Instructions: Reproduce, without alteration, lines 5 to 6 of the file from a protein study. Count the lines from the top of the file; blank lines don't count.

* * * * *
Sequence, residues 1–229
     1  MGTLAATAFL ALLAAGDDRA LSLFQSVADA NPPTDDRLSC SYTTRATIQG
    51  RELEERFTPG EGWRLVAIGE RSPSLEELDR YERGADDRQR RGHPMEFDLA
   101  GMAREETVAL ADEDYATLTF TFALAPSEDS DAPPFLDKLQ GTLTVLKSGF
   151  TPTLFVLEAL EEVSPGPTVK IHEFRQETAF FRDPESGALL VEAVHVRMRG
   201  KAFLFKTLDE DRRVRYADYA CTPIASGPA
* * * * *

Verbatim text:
   151  TPTLFVLEAL EEVSPGPTVK IHEFRQETAF FRDPESGALL VEAVHVRMRG
   201  KAFLFKTLDE DRRVRYADYA CTPIASGPA